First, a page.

A good friend of mine says that the best way to get over temptation is to give in to it. That way you're no longer tempted. I don't endorse this approach if you're married and are tempted by the hot UPS driver, but if you're tempted in the baking realm, I know of no better way to overcome temptation. Brownies or chocolate cakes that haunt your dreams don't just disappear; they have to be baked and at least tasted in order to vanquish their specter.
There is a wanton temptress out there who's been singing a siren song to me. I've tried ignoring her, just shutting the window and walking away. But her song wafts to me in the night, calling me to come try making macarons. You probably know who this seductress is - none other than the beautiful and talented Tartelette. It seems like at least once a week I visit her enchanting site and there is another batch of macarons, in an even more enticing flavor combination than the last.
The last straw for me was seeing the tantalizing macarons in a cookbook,Desserts by the Yard. There's something about thumbing through a cookbook repeatedly that really locks the temptation in place and finalizes the urge to take the plunge. I also love having instructions written out for me so I don't have to print off yet another recipe from the computer. Plus, these were filled with ice cream. Mmmm. A macaron ice cream sandwich!
So I took the plunge.I gave in to temptation and made my first batch of macarons. I am no longer a macaron virgin. But when you look critically at my pictures, be gentle with me. It was my first time.
I was excited to see little feet developing on the cookies in the oven. They were rising with smooth, glossy tops, but when I shifted the cookie sheets as directed, the tops deflated and got crinkly-looking. Since I'm not experienced with this type of cookies, I have no idea whether they were OK by macaron standards or not, but they were OK by my family's cookie standards. The only criticism was that they were a bit large, especially when filled with a scoop of ice cream. If I made them again, I'd pipe them to 2 inch disks, rather than 3 inch, and use less ice cream.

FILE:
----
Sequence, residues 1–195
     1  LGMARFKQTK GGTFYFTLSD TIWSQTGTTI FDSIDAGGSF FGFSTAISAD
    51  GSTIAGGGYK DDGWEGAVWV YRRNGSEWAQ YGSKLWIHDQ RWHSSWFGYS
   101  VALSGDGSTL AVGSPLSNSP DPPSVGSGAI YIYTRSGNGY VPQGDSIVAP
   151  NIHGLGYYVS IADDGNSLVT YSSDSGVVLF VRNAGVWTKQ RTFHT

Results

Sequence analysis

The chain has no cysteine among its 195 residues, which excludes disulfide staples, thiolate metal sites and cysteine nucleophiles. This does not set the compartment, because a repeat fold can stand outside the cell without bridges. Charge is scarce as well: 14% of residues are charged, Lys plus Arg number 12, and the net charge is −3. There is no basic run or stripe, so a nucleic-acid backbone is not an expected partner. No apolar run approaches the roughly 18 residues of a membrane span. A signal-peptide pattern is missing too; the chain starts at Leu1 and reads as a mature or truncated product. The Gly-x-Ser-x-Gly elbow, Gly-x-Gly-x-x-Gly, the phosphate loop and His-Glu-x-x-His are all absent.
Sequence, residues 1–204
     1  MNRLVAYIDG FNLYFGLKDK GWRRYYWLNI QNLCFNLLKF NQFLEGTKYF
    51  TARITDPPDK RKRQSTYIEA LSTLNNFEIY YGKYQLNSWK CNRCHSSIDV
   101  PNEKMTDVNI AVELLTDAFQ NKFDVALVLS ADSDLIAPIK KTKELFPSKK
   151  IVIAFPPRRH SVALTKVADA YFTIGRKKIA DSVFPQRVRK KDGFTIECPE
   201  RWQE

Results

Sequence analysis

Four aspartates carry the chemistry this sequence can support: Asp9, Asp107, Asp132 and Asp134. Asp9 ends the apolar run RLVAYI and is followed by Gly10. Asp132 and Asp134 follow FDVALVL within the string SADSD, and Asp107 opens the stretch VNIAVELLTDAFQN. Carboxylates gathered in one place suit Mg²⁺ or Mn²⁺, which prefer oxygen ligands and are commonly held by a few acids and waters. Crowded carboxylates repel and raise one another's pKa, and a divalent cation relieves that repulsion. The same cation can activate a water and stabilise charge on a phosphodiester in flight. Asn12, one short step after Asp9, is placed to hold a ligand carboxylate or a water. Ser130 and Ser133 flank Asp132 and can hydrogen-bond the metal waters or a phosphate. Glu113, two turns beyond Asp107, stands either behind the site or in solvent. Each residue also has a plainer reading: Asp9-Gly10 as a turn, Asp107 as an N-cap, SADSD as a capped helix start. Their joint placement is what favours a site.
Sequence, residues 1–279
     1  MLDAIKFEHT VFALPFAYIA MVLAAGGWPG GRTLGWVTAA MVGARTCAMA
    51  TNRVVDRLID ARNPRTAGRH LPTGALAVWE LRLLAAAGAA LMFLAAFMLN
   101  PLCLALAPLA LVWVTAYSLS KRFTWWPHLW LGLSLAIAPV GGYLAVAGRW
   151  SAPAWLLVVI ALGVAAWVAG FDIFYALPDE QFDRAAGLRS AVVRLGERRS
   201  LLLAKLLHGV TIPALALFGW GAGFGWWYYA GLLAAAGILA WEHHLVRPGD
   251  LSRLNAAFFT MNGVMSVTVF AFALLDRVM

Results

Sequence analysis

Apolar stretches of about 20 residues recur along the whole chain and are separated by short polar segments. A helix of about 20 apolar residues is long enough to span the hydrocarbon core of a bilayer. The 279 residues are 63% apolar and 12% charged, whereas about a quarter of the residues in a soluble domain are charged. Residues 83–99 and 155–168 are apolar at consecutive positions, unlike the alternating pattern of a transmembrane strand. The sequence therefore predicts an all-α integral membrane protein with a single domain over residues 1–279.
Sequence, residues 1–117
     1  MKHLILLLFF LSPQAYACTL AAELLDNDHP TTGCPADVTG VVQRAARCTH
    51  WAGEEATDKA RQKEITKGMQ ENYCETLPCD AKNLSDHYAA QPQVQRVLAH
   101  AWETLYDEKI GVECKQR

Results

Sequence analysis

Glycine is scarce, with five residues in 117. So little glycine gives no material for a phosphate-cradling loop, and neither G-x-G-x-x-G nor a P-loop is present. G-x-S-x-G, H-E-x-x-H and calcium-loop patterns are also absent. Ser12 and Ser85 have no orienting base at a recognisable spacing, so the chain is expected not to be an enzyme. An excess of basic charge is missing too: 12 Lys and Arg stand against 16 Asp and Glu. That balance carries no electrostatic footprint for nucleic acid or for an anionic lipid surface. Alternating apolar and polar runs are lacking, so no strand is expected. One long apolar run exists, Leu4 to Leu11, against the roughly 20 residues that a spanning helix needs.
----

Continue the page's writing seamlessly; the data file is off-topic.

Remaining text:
Chocolate Macarons with Black Currant Tea Ice Cream
- adapted from Desserts by the Yard by Sherry Yard
(Make the ice cream 3 days before making the macarons, so the egg whites will be the right age.)
Black Current Tea Ice Cream:
1 cup heavy cream
1-1/2 cups milk
2/3 cup sugar
2 black currant tea bags
8 large egg yolks
1 Tbsp creme de cassis
2 tsp fresh lemon juice
Pinch of salt
1- In a medium, nonreactive saucepan, combine the cream, milk, and 1/3 cup of the sugar. Place the pan over medium heat and bring the mixture to a boil. Add the tea bags and turn off the heat. Cover and steep for 20 minutes.
2- Combine the egg yolks and the remaining 1/3 cup sugar in a medium bowl and whisk them together until lemony yellow.
3- Squeeze the tea bags to extract as much of the flavor as possible, then throw them away. Return the cream mixture to the heat and bring to a simmer. Remove from the heat and slowly ladle 1/2 cup into the egg yolks while whisking. Once the cream is incorporated into the eggs, whisk the eggs back into the cream, scraping all the eggs out of the bowl with a rubber spatula.